Environmental Action Plan for British Columbia

Article excerpt

When this government came to power in 1991, the Ministry of Environment, Lands and Parks (MELP) was responsible for over 20 Acts that related in some way to environmental management. It was clear that many of these Acts needed review and revision to ensure a solid legislative foundation for the development of innovative policies and programs and to meet emerging environmental challenges. An Environmental Action Plan was created to guide the process of legislative renewal and since 1991, the government has achieved many of the goals set out in the Action Plan including the introduction of several major legislative reforms. These range from amendments to the Land Title Act, the Wildlife Act, the Water Act, and the Waste Management Act, to the introduction of the Environmental Assessment Act and the Forest Practices Code of British Columbia Act.

The Action Plan for Environmental Legislation

To fulfil our mandate, the government developed the Environmental Action Plan for British Columbia. This document set out MELP's understanding of the environmental management challenges facing British Columbia and established environmental priorities. The Environmental Action Plan also represents a commitment to consultation and review, recognizing that protection of the environment is a regulatory responsibility of government ministries and agencies, as well as a stewardship responsibility shared by all British Columbians. Understanding the challenges and achieving solutions will require the collective resolve and actions of individuals, groups and communities.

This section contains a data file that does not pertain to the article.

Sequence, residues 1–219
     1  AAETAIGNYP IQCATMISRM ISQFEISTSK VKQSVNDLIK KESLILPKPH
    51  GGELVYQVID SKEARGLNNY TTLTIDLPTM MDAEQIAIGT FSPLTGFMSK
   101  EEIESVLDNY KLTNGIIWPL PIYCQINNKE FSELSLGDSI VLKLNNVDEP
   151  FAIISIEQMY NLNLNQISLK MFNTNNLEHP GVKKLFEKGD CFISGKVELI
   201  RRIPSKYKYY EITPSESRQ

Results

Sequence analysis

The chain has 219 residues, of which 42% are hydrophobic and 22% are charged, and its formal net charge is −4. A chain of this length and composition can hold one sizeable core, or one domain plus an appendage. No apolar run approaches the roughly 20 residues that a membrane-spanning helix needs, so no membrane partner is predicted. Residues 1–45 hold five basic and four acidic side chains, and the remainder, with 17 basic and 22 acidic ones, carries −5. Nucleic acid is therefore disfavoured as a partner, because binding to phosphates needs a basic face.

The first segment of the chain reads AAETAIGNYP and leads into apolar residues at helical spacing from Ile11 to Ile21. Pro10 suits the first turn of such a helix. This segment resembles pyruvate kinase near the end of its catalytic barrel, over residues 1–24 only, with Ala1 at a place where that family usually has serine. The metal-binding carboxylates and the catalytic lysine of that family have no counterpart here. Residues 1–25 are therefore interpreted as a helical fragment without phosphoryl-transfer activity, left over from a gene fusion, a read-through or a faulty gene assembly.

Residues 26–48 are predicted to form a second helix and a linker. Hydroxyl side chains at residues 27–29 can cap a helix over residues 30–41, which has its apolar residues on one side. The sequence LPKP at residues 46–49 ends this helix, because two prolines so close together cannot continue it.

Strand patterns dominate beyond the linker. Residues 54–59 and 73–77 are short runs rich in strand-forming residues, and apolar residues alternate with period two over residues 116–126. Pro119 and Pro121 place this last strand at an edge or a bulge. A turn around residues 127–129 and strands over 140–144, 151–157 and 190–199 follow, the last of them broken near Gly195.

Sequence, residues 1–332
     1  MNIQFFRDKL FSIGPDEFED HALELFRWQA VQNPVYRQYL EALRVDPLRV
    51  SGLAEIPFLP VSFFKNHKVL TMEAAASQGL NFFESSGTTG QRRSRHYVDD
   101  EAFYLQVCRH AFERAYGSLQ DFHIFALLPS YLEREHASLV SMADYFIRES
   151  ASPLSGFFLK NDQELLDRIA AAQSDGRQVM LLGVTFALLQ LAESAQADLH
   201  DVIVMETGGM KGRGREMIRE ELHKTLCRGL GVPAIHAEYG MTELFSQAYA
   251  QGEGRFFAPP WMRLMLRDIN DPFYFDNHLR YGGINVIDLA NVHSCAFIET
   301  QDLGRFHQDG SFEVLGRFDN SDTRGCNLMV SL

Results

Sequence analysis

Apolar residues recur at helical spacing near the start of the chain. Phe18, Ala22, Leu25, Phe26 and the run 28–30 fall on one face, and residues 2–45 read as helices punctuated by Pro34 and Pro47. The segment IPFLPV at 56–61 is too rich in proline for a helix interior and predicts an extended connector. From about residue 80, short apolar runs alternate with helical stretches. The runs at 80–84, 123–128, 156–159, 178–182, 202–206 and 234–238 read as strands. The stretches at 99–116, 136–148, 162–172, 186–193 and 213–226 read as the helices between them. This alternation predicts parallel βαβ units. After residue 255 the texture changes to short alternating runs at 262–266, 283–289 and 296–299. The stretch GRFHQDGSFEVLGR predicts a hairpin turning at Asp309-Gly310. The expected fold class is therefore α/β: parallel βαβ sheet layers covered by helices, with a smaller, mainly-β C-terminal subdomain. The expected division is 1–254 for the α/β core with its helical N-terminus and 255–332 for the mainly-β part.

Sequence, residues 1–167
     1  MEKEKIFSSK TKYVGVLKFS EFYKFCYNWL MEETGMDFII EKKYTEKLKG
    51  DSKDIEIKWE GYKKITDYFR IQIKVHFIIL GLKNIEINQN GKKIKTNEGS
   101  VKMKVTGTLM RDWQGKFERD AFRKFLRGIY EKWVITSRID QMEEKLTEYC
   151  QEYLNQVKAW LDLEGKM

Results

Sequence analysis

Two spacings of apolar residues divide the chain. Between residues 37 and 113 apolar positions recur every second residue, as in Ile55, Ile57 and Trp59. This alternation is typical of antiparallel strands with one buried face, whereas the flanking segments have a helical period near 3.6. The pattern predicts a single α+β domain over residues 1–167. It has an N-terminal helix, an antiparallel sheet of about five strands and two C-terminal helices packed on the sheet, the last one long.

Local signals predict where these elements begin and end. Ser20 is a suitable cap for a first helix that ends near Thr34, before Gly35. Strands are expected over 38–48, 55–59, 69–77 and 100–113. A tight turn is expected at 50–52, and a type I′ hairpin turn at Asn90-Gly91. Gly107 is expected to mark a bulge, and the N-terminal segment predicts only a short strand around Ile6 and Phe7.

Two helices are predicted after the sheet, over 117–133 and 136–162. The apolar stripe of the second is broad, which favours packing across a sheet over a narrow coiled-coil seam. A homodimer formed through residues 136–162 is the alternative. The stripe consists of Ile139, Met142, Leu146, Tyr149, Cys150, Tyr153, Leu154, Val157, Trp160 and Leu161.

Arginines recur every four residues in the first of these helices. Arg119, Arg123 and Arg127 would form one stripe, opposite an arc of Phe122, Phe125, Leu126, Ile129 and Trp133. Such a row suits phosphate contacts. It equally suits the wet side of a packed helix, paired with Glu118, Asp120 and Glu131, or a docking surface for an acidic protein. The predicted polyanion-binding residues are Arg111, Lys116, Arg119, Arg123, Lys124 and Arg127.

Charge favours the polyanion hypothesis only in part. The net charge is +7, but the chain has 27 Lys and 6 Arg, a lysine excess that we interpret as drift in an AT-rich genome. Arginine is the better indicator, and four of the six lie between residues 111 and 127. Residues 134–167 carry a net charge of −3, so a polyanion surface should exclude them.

Five priorities are reflected in the Environmental Action Plan:

* Improving Environmental Impact Assessment;

* Preserving Biodiversity and Natural Areas;

* Reducing Waste and Preventing Pollution;

* Improving Water Management; and,

* Strengthening Enforcement and Compliance.

These priorities helped set guidelines for the review and revision of environmental legislation, and for consolidation and reform of all environmental protection legislation to ensure greater effectiveness and efficiency.

To provide direction and consistency in the review of the legislation, MELP adopted the following principles:

* Openness and Consultation: The legislation will ensure that information is accessible to British Columbians and that ministry procedures are open, with frequent opportunities for public participation.

* Integration: More emphasis on the integrated management of resources is needed. Hence, the legislation will promote greater integration between ministry programs and activities.

* Innovation: The legislation will include new ideas and approaches.

* Delegation: Where appropriate, the legislation will provide for the delegation of decision-making within the ministry, to other ministries and to local government.

* Prevention: The legislation will reflect a commitment to prevent and resolve environmental concerns before they can become major problems.

* Effective Compliance and Enforcement: The legislation will reflect the need for new approaches to promoting compliance and aiding enforcement to ensure that laws on the books reflect practice in the field.

Most importantly, to make this a successful review and restructuring of environmental protection legislation, we decided that a thorough consultation process was essential. For this reason, we approached legislative reform in British Columbia incrementally through the publication of discussion papers followed by review and debate. This has provided a forum for detailed consultation with the public and key stakeholders.

Legislative Accomplishments

Since 1991, both new Acts and many important revisions to existing Acts have been introduced.

Land Title Act: Natural, historical, cultural and environmental qualities of British Columbia require protection and preservation for future generations. …